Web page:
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What is Stress?

10 May 2019

Mental Health Awareness Week: What Is Stress?

Look around your office, do you know if anyone is struggling?

You may think those around you – fellow colleagues or your staff – are completely fine. But mental health affects us all and problems in the workplace are actually very common.

According to mental health charity Mind, at least one in six workers are experiencing common mental health problems, including anxiety and depression.

Nowadays, there is increasing recognition of stress and mental health problems, both within the workplace and in everyday life. Currently, following Stress Awareness Month in April, we are approaching Mental Health Awareness Week, which takes place from 13-19th May.

We thought it might be helpful to focus on some positive strategies to help, in terms of stress management and resilience. Whilst being particularly useful and relevant within the workplace, these can all be used in everyday life as well.

 

WHAT IS STRESS?


In its purest form, stress is the body’s reaction to something it perceives as dangerous or threatening. When we feel under attack, our bodies respond by producing a mixture of hormones such as adrenaline and cortisol. These prepare us for physical action by diverting blood away from our core and into our limbs. It also temporarily shuts down some less vital bodily functions such as digestion.

For immediate, short-term situations, stress can be beneficial to your health, by helping you cope with potentially serious situations.

Yet if your stress response continues, and stress levels stay elevated far longer than necessary, it can take a toll on your health.

 

WHY IS IT IMPORTANT TO TACKLE STRESS?


Chronic stress can cause a variety of symptoms, contribute to many health problems (such as high blood pressure, heart disease, obesity and diabetes, anxiety and depression) and affect your overall well-being.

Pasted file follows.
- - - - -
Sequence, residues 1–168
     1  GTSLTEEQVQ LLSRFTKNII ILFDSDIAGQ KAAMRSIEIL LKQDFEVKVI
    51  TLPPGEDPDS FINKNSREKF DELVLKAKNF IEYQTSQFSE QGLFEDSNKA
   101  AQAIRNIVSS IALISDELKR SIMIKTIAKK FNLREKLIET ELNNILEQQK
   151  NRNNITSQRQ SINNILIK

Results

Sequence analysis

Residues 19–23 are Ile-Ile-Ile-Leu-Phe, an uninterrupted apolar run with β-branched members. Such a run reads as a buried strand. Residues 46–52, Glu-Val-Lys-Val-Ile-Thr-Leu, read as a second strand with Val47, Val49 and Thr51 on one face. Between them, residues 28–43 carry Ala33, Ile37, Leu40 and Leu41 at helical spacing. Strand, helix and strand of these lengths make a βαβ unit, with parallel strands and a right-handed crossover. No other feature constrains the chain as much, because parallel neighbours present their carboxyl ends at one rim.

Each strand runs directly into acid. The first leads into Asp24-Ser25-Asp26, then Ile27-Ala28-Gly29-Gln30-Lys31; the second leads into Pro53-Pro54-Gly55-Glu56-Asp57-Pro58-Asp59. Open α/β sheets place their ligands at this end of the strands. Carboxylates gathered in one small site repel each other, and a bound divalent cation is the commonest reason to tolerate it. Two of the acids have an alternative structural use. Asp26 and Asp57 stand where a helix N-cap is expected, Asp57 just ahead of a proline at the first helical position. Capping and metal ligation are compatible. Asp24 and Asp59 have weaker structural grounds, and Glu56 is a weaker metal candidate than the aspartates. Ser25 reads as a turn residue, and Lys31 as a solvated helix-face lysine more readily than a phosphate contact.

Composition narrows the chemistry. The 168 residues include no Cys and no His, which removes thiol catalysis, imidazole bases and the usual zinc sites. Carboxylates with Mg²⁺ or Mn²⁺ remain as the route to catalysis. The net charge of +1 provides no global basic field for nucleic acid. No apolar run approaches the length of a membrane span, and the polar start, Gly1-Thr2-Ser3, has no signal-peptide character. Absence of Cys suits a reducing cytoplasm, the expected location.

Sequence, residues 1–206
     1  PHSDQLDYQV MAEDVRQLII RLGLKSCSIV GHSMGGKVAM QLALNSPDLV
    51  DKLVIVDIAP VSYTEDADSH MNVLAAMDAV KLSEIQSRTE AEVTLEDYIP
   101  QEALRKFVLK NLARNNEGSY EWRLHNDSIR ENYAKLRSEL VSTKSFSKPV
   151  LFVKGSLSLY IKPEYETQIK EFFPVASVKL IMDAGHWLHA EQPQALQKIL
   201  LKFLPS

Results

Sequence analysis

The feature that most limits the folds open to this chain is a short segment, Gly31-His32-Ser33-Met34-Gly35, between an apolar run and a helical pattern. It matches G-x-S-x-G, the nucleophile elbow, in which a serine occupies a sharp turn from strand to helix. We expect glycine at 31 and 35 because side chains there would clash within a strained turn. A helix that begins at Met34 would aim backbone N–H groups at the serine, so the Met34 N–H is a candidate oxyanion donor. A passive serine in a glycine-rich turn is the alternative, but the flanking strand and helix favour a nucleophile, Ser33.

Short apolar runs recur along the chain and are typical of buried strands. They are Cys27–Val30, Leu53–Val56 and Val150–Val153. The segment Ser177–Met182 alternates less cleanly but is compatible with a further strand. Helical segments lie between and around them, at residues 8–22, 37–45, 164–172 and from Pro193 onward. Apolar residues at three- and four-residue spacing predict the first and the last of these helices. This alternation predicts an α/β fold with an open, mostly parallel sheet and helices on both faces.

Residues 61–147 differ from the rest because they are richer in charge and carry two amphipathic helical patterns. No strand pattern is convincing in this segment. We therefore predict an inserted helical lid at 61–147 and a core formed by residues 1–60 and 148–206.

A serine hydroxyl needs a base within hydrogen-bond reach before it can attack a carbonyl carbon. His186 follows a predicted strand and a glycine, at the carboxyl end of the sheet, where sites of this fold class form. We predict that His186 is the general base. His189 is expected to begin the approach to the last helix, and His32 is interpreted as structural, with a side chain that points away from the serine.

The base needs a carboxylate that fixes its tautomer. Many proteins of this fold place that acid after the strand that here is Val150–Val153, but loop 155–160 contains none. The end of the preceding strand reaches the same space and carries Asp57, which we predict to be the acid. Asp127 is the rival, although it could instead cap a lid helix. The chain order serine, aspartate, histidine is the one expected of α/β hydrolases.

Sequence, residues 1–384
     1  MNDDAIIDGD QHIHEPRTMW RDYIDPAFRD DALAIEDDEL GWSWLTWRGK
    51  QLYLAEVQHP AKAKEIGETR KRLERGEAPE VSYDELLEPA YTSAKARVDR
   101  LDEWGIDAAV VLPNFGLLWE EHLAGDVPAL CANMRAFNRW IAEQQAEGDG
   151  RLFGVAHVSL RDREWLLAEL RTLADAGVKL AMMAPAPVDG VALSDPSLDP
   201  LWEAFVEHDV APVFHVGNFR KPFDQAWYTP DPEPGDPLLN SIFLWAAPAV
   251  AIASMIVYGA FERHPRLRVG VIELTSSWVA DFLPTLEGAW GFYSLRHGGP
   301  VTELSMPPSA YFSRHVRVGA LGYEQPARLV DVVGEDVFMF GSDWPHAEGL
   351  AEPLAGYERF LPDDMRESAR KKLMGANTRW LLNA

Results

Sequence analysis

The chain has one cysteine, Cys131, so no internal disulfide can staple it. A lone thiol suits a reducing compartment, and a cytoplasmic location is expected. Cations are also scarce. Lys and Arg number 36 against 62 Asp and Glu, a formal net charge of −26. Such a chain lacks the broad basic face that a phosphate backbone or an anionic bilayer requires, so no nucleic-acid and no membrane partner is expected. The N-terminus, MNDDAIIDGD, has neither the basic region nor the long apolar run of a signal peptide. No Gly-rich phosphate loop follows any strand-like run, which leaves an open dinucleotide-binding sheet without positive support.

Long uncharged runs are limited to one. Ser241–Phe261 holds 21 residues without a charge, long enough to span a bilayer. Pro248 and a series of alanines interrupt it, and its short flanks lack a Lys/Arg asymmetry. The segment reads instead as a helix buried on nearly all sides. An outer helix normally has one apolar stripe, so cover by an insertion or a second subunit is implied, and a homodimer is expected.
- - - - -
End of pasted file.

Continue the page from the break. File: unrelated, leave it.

Reducing stress can help prevent these harmful effects on both mind and body.

Looking after yourself and ensuring you have good mental health has many benefits – not just for you as an individual, but for the business too. Employees are generally more productive, passionate and motivated when in good health. Even if they’re experiencing mental health problems, knowing they are supported by their employer can help in the recovery process.

 

STRESS PREVENTION IS BETTER THAN STRESS MANAGEMENT


Ultimately, the best way to manage stress is through prevention rather than cure.

Research shows that those who are better informed about the practical ways in which they can lower their stress levels are far better able to tackle difficult situations with emotional resilience and determination.

Within the workplace, employers are encouraged to make promoting the wellbeing of their employees a core element of the company’s internal operations. Some examples of a proactive approach to stress-management might be:

  • To invite people to take active breaks away from their desks
  • Offering lunchtime yoga classes or mindfulness sessions
  • Group walks in the fresh air.

So what can help you reduce stress? Continue reading our stress, with Our Top Tips For Reducing Stress.

 


If you are interested in how Fleet Street Clinic can assist your workplace with stress management and resilience training, get in touch.

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